Painter Vi Viet Nga standing in front of her Ao Dai designs on display at the exhibition (Photo: Vu Anh)
Nga recently held her first solo exhibition entitled ‘Ban Sac’ (Identity) in Hanoi to display her artworks which were inspired from traditional values, particularly those of ethnic groups in the northern region.
On the occasion, she granted an interview with the Thoi Nay (Today) publication of Nhan Dan (The People) Newspaper to talk more about the exhibition and also her art career.
Can you tell us about what brought you to wood-carved paintings and the idea of featuring these paintings on Ao Dai?
Painter Vi Viet Nga: Since I started learning fine arts in 2002, I have kept searching for new ideas in creating art. After encountering various materials, I find myself most interested in wood-carved paintings, which bring me warm feelings. Therefore, after graduating from the Viet Bac Art and Culture College, I continued my studies by majoring in wood-carved paintings at the Hanoi Open University.
It is undeniable that the Ao Dai has established itself as part of the national identity, and I see a similarity with the genre of wood-carved painting. In 2017, I joined an Ao Dai designing class hosted by celebrated designer Do Trinh Hoai Nam and from then, I came up with the idea of combining wood-carved painting and the traditional costume of Ao Dai.
Can you share us more about advantages and difficulties in realising the idea in your ‘Ban Sac’ exhibition?
With my background in the study of art and design, I have advantages in adapting my wood-carved paintings for Ao Dai. However, making wood-carved paintings is hard work that requires many techniques and good physical health. Fortunately, I receive much support from my family and my colleagues at the Vietnam Fine Arts Museum.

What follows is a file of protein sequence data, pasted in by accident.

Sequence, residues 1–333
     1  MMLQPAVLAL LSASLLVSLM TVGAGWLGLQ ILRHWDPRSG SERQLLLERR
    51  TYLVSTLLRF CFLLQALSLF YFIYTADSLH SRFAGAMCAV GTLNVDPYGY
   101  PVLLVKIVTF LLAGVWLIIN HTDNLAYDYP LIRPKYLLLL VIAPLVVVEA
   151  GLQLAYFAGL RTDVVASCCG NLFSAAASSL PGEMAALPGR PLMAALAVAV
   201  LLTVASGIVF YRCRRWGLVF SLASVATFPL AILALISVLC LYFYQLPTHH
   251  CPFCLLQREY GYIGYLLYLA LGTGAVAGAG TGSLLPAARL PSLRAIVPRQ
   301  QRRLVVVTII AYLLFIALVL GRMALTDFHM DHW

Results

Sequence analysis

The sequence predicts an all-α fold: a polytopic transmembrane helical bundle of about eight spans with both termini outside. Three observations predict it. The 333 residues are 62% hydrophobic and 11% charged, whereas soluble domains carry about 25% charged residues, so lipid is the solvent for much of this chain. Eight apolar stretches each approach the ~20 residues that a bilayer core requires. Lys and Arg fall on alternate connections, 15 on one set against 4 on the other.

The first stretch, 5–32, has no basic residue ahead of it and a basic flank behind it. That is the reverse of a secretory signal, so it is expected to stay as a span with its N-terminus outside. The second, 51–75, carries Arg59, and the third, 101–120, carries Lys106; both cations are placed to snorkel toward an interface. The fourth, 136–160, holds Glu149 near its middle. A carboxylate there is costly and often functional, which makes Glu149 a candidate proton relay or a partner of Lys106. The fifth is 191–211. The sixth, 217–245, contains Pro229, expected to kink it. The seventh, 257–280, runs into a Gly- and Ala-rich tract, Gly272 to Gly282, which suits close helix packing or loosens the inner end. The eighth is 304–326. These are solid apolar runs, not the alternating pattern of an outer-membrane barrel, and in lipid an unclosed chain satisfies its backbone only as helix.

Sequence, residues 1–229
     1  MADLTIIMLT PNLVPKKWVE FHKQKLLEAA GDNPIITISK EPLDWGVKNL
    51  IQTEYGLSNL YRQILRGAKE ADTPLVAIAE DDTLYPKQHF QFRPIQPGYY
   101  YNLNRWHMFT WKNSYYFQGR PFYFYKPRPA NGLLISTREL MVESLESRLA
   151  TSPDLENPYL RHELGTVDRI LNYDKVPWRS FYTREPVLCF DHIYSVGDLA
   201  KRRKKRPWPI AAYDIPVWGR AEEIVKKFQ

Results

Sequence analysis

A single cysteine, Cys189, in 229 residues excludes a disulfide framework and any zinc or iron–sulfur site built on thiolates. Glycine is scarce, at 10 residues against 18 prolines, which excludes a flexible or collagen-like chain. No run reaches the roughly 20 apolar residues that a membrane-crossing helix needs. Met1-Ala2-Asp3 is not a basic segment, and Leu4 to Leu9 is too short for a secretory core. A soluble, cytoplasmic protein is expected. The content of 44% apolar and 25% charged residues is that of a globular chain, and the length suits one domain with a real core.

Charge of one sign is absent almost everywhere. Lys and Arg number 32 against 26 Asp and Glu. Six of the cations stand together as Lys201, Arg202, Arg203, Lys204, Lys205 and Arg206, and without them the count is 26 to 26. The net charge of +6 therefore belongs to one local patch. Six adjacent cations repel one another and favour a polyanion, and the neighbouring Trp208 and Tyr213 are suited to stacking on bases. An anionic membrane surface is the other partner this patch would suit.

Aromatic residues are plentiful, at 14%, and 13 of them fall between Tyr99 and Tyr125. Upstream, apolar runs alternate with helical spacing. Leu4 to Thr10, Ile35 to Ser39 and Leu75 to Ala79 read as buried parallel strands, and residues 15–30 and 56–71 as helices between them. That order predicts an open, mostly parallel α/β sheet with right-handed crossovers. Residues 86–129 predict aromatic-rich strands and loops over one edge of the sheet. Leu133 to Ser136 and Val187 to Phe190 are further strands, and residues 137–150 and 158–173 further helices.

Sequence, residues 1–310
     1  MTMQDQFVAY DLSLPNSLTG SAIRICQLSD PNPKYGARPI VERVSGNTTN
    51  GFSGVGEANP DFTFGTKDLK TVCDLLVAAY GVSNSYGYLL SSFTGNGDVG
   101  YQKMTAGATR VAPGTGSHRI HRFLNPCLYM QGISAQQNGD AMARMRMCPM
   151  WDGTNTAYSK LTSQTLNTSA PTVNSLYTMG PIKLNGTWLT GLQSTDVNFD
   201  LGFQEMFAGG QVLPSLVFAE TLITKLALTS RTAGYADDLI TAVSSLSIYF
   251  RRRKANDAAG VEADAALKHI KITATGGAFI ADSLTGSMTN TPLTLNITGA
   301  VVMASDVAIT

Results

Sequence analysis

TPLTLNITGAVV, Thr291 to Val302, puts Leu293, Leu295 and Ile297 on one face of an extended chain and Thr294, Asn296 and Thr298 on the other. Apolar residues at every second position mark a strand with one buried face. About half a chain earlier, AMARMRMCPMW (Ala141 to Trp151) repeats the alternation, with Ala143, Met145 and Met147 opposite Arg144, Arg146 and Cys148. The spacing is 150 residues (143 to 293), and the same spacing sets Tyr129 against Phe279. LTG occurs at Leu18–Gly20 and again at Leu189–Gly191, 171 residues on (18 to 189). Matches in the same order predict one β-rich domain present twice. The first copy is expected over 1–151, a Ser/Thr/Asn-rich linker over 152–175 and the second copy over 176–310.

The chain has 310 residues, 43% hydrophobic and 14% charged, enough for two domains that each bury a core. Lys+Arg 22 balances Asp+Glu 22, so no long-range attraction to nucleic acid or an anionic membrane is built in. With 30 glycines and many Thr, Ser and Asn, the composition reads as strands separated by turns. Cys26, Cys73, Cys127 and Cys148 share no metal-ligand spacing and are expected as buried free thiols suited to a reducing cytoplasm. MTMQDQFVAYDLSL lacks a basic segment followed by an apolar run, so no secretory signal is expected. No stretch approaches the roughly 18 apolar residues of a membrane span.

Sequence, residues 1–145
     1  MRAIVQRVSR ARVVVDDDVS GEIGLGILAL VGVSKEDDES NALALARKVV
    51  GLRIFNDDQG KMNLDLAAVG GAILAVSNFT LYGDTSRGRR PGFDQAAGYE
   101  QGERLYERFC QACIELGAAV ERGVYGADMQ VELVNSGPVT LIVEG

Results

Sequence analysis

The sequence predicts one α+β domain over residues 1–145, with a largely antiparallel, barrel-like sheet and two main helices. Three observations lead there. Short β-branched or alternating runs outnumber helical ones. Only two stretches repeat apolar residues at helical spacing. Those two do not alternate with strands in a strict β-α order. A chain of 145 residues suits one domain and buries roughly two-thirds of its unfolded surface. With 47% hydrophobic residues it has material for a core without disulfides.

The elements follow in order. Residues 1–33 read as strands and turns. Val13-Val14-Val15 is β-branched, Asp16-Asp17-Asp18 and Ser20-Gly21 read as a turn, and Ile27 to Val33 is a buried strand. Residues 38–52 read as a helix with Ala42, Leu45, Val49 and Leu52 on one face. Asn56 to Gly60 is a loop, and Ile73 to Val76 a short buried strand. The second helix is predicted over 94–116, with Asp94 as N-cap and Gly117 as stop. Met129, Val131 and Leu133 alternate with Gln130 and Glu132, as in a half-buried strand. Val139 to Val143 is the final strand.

Can you give us a short introduction to your exhibition?
At the exhibition, I installed two paintings which look exactly the same but they were featured in two different materials: paper and wood-carved. The wood-carved painting was used as a “mould” to print onto paper and Ao Dai.
I have a deep love and aspiration to preserve the country’s traditional values. Wood is a very close material to the life of ethnic minority groups, therefore I focus on the daily practices and old customs of tribes in Vietnam’s northern region through my 25 wood-carved paintings and 12 Ao Dai outfits.
I hope that my artworks can promote the traditional values of ethnic groups in the mountainous region to the public, art lovers, and foreigners alike. By adapting wood-carved paintings into the two flaps of Ao Dai, I also hope to bring a fresh look and charm to Vietnam’s traditional and elegant outfit.
Selected photos captured at the exhibition:
‘My Hometown’, a wood-carved painting by Vi Viet Nga
‘Then Singing’, a wood-carved painting by Vi Viet Nga
Several Ao Dai designs on display at the exhibition (Photo: VNA)
Models dressed in Ao Dai designs by Vi Viet Nga (Photo: daibieunhandan.vn)